The link-bait come-on was about ten literary blogs one should read.
”He words me, girls, he words me”
- Cleopatra in A&C, V.ii.192
I clicked through on three or four, realizing none of the proffered material was particularly cultured, having less than a few years each, and the design, it was all about selling some ad space. Might’ve been some great writing in there, I never got to it. Too much flash and not enough words.
“Words, words, mere words, no matter from the heart”
- Troilus in T&C V.iii.102-3
However, one headline mentioned the art, beauty, and attractions of analog audio, which made me think: all digital.
When I launched this endeavor, full-time, I sorted through a number of options to arrive at a portable cassette audio recorder.
Portable cassette recorder? That was jettisoned some time in the early aughts.
More recently, I watched — technical fascination — when one reader had a portable Tascam with CD burner, like record and burn at the same time. Since I’ve been toting various laptops for this entire career, just using Apple’s built-in software seems to work well enough for me. Anymore, I don’t even bother with a CD — MP3s are available.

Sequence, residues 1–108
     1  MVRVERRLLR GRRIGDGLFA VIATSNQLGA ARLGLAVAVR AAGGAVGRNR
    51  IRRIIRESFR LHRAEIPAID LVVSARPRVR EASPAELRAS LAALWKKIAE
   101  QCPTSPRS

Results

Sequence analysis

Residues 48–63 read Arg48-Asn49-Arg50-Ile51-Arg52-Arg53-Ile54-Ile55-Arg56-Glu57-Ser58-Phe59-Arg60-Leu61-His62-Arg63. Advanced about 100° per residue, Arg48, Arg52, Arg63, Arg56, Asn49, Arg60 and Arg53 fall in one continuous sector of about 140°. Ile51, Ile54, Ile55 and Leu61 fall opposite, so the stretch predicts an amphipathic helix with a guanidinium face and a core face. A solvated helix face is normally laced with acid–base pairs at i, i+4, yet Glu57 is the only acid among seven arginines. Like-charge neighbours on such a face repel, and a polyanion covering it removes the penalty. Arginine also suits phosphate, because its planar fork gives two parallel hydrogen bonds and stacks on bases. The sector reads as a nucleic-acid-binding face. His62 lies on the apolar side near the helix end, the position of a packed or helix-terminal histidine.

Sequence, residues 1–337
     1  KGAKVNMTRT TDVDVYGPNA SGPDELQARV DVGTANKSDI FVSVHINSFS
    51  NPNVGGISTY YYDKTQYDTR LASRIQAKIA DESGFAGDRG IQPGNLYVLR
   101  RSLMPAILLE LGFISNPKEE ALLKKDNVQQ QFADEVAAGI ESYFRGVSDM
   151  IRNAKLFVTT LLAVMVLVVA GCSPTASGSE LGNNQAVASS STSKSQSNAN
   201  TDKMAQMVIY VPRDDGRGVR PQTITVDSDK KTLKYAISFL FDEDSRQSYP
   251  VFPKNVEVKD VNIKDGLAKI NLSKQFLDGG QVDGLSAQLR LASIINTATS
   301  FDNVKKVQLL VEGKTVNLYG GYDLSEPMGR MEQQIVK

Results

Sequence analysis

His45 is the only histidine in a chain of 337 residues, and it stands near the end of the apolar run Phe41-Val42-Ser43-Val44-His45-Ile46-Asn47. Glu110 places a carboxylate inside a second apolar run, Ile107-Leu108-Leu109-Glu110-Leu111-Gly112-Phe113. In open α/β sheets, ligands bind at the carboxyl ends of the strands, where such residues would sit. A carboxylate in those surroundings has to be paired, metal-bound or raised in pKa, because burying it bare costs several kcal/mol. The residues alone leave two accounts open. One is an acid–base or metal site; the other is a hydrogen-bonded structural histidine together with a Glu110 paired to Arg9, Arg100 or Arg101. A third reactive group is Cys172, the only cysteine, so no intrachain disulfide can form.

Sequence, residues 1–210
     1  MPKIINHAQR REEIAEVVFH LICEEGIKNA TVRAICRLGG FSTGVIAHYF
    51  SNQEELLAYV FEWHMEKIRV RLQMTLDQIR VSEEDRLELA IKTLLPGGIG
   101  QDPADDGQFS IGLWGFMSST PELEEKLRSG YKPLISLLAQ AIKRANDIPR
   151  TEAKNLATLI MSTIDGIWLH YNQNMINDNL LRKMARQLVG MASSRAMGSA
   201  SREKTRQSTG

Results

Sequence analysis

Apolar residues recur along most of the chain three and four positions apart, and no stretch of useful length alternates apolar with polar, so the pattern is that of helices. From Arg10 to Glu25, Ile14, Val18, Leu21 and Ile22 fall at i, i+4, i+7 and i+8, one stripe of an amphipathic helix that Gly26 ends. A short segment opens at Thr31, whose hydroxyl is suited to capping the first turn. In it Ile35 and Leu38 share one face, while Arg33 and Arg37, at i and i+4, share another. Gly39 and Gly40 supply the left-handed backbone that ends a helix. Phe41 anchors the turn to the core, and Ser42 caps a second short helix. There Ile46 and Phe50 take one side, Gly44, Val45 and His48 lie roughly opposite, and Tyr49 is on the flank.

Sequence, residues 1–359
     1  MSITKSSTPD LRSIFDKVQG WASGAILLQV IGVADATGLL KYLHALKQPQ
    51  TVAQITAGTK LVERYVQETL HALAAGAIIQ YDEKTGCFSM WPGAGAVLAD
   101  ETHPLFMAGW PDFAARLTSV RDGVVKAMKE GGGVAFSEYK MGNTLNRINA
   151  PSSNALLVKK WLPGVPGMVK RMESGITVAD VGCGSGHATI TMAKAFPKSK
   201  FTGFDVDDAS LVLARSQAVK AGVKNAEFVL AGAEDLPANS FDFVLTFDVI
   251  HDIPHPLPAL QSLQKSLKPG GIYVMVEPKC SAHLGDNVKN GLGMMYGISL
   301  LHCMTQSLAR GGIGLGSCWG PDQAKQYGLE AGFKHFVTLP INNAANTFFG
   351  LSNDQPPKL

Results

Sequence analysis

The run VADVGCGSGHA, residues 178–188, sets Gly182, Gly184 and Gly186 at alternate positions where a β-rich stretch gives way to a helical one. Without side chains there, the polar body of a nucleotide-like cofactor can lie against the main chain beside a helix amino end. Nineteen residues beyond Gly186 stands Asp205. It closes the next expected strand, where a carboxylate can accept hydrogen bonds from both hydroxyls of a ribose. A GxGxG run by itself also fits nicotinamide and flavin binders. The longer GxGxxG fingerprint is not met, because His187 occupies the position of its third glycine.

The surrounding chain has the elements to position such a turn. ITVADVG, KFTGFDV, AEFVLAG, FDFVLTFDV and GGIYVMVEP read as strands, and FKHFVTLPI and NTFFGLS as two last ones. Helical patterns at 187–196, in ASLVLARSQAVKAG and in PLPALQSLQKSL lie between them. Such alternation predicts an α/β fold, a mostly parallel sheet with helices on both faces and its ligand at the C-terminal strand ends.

But this wasn’t about the digital divide, more about analog words. Great headline, wonderful idea, and what it amounts to? For me, the analog version of words — that was my first love — but the delivery changed. All digital, now. All digital.
While I adore the fluid medium of digital delivery, and my system is deeply rooted in both digital process, for creation, curation, delivery, and consumption, the appeal of analog words is still omnipresent.
Analog Words was the starting point, but the delivery mechanism, from inception, is all digital ink.